Sashimi Cutting Techniques

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Are you craving sashimi? Want to recreate this intricate dish at home? You should put on your apron and clean out your kitchen utensils because we’re here to arm you with the best sashimi cutting technique. The Japanese word “sashimi” literally translates to “pierced body.” The name itself is indicative of the precise cutting techniques that are used to make the dish.

Unless you’re a sushi or sashimi chef, you probably don’t know much about the slicing techniques used. You don’t have to stress anymore because we have a complete step-by-step guide on how to cut sashimi just for you. It may seem challenging at first, but with regular practice, you can become a pro at making sashimi in no time.

Before we move forward, let’s start with the basics first. Here are some tips that will help you develop your own sashimi cutting techniques.

How to Hold a Knife?

You probably think that the way you hold your knife doesn’t matter, but surprisingly, it does. Trust us when we say that paying attention to the way you hold your knife is the first step towards cutting sashimi like a pro.

Most people hold their kitchen knife by the handle. Although this isn’t incorrect, to further improve the accuracy and consistency of your cuts, try using your thumb and index finger to hold onto the base of the blade. It might seem a bit difficult to do, but once you get the hang of it, you’ll see the difference yourself. You will have more control over the angle and precision of your cuts.

In addition to that, pay attention to the placement of your cutting hand. The cutting hand refers to the hand you use to hold the fish while cutting. When gripping onto the fish, your fingers should curl inwards, forming a paw.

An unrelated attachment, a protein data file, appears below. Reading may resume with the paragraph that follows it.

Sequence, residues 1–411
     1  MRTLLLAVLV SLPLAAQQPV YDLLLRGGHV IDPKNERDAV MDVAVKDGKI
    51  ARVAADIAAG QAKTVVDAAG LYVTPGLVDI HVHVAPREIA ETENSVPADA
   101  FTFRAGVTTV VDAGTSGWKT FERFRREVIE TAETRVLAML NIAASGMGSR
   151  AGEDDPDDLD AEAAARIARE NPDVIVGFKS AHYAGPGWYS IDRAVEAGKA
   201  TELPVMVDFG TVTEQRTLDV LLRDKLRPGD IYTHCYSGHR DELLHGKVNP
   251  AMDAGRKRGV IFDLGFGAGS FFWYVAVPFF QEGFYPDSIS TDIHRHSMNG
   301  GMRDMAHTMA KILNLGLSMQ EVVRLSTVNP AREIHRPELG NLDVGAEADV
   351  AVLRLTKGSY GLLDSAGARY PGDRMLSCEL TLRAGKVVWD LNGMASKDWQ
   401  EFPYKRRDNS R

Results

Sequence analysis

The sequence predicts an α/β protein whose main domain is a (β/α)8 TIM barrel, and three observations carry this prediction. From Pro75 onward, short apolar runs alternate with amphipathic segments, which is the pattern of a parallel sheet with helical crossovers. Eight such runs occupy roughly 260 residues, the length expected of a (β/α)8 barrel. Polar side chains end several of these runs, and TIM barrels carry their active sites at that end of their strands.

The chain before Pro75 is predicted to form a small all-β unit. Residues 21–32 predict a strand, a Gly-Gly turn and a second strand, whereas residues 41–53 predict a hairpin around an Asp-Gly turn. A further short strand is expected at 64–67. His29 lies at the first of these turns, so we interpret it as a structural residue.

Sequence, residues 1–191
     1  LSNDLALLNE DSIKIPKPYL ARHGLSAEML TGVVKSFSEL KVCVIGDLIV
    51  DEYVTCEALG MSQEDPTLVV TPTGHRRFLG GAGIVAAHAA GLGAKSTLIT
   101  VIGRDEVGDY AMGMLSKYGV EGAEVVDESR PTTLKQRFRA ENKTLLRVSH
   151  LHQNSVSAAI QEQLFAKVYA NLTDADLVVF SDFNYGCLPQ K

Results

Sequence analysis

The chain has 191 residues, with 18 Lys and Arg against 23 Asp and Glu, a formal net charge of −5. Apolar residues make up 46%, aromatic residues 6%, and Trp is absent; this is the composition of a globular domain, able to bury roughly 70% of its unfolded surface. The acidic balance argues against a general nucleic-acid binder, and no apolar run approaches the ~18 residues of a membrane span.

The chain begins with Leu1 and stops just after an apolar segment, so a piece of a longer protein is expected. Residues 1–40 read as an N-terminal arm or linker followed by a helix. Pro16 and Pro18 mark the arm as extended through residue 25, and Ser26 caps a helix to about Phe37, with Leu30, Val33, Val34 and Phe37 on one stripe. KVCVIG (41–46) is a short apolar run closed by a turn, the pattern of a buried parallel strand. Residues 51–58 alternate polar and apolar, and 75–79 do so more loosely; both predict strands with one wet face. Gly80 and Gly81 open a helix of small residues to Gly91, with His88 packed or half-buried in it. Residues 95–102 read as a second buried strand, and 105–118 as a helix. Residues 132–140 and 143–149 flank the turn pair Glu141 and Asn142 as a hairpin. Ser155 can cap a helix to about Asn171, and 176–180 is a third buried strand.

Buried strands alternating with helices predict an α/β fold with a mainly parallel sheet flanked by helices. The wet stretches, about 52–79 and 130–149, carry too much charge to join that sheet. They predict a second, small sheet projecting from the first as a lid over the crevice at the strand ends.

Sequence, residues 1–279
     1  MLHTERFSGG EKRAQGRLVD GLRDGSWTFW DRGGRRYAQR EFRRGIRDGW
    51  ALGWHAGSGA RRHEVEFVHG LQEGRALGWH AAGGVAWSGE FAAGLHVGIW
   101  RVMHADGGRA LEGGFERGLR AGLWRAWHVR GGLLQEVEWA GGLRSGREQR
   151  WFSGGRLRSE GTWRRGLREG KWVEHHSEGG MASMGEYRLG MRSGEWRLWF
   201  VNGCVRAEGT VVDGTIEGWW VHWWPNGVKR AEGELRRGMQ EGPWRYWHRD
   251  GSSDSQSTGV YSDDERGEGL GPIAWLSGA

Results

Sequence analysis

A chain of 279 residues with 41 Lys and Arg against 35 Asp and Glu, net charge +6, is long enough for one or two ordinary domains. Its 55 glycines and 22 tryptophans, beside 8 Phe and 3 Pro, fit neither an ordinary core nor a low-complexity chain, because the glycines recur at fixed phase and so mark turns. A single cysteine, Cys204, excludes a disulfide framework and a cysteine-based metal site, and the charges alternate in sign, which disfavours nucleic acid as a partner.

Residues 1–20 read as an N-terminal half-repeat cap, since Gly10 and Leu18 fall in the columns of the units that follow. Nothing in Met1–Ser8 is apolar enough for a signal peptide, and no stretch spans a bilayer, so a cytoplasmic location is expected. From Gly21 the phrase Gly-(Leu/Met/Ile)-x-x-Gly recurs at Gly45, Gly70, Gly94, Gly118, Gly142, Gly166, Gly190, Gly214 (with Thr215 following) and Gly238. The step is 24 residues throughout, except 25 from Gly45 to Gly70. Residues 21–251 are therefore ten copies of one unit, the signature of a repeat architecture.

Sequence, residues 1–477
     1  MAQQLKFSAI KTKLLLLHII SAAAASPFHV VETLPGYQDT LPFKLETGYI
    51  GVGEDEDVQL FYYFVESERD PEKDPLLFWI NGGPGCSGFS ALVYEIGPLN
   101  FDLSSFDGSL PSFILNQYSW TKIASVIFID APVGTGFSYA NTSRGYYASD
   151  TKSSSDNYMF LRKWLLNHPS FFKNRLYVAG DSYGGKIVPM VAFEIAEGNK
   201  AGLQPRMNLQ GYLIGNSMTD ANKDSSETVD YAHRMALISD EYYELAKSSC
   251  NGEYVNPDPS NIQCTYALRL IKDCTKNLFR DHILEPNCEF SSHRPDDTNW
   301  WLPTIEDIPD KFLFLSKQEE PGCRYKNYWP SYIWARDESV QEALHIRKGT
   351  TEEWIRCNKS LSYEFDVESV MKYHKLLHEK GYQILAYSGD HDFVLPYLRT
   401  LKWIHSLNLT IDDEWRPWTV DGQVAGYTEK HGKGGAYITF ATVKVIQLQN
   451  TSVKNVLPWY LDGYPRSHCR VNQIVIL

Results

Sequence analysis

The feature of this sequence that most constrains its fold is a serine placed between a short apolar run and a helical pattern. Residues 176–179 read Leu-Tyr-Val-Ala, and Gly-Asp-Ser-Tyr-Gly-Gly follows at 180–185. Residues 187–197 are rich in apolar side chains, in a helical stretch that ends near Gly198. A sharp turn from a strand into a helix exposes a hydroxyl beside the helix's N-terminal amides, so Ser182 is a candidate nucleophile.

Then, you can use your thumb, which should also be curled inwards, to stop the cutting board from moving while you slice through the fish. Your middle finger should also be perpendicular to the cutting board. By doing this, you can prevent accidentally cutting yourself.

A Tip from the Experts

Make sure the edge of your knife is below the knuckle of your middle finger to avoid cutting yourself. If you want your sashimi cuts to be delicate and precise, you need to have a sharp knife.

Although you can use a regular kitchen knife we suggest using either a Yanagi sashimi knife or a Tako sashimi knife depending on your preferences. Yanagi knives have long, thin, and sharp blades that are perfect for delicate slicing. While Tako knives are long and thin, they have a flat end that makes slicing easier.

sashimi cutting technique

Sashimi and Nigiri

People often confuse these two Japanese dishes when, truly, they are two different dishes. We thought we should quickly go over the two to avoid any confusion.

Sashimi is exclusively made of slices of raw seafood and is often served with condiments. Nigiri, like sashimi, also contains sliced seafood. However, nigiri is a type of sushi. The fish meat is served on top of a finger-shaped sushi rice ball.

Different Sashimi Cuts